Politics & Government

More Kentucky high school students could earn college credits under plan discussed in Frankfort

Maria Jones says it saves money to get college credit while still in high school.
Maria Jones says it saves money to get college credit while still in high school.

FRANKFORT — More Kentucky students could earn college credit while still in high school under recommendations presented Monday to the General Assembly's Interim Joint Committee on Education.

A special Fayette County Public Schools program called Opportunity Middle College already helps students like Maria Jones of Lexington take courses for both high school and college credit.

"I think it's helped me in a financial sense," said Maria, a 17-year-old senior who attends the program on Bluegrass Community and Technical College's campus. "College is getting more expensive. It's getting harder to pay for it. Being able to get dual credit while I am in high school gives me a head start."

Improving Kentucky's dual-credit system will be a primary legislative focus for the Kentucky Board of Education.

A new dual-credit policy that would streamline credit transfers at affordable costs for students was proposed by a work group made up of representatives from the Kentucky Department of Education, the Kentucky Council on Postsecondary Education and the Kentucky Higher Education Assistance Authority.

Kentucky Education Commissioner Terry Holliday said that students don't have equal access to dual credit. In one example, some students don't have to pay anything for dual-credit courses, while others might have to pay at least $300.

The new policy seeks to increase access to dual-credit courses; promote quality and rigor in the courses offered; guarantee transferability of courses among postsecondary institutions; and ensure dual-credit courses remain affordable to all eligible students.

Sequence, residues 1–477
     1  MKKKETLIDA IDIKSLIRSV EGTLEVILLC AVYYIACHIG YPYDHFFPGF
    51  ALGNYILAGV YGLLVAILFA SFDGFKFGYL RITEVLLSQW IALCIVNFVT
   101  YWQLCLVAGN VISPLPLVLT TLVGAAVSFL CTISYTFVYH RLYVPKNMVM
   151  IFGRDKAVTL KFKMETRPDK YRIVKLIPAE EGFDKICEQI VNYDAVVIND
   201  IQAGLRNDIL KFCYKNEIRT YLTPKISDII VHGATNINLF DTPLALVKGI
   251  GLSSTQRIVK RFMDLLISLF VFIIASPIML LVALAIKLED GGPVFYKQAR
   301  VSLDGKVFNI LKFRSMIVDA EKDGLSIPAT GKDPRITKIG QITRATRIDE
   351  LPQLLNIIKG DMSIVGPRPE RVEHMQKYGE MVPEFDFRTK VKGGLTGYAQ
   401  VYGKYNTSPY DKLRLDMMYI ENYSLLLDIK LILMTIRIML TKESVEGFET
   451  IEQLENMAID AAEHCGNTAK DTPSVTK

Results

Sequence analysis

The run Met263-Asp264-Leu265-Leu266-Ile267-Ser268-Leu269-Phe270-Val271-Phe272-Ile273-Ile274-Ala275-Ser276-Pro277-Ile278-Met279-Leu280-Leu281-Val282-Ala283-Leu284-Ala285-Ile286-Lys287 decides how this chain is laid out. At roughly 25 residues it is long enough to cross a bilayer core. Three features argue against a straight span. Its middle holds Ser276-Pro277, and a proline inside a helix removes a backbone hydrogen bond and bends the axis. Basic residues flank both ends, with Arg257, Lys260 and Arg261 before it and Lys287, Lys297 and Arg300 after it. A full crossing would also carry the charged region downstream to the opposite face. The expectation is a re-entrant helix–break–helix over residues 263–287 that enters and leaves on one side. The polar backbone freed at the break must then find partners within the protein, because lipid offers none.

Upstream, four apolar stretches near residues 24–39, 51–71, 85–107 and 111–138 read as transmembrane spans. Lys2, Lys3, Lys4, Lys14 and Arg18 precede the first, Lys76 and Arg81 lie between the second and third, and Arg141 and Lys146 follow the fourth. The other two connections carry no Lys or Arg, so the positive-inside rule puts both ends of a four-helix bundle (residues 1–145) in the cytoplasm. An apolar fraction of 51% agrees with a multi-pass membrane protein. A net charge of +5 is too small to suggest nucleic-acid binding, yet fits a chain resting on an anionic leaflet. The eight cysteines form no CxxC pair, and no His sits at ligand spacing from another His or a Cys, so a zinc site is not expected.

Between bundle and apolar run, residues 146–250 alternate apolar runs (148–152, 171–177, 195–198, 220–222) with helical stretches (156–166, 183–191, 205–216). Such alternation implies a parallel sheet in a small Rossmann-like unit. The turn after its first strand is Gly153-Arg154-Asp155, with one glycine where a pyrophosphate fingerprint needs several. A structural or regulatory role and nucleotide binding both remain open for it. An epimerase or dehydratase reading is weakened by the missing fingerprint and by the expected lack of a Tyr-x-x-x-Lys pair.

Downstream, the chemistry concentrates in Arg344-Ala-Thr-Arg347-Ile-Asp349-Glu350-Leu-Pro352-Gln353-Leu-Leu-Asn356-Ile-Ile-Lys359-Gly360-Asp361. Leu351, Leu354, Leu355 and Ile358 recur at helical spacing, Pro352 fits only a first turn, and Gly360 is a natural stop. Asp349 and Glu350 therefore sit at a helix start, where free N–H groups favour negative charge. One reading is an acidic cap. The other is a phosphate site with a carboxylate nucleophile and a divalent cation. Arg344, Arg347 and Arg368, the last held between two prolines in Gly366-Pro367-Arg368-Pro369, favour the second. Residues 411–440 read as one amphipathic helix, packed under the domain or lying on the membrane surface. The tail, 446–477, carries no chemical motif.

Under the proposal, the costs of delivering dual-credit courses could be shared by a combination of state postsecondary institutions, school districts, state-funded scholarships, and students and families so that no one entity is solely responsible for financing.

Holliday told the committee meeting at Kentucky State University that $4 million from the General Assembly would be a good start.

State Rep. Derrick Graham, D-Frankfort, co-chairman of the legislative committee, said after the meeting that he supported the proposals.

State Sen. David Givens, R-Greensburg, who also serves on the committee, expressed support as well.

"We need to make sure we have access and affordability and we have credentialed teachers so that we have rigor in those programs," Givens said in an interview.

Frank LaBoone, principal of Opportunity Middle College in Lexington, said that the students there don't have to pay to receive college credit. The district pays half the cost and BCTC waives the rest. By the time Maria Jones graduates from high school, she will have enough college credits to be classified as a college sophomore.

While Fayette County is considered a leader in the dual-credit initiative, LaBoone said "we're already trying to figure out as a district how to continue to pay for dual credit and if the state provides additional options, that could be helpful in terms of how Fayette County proceeds.''

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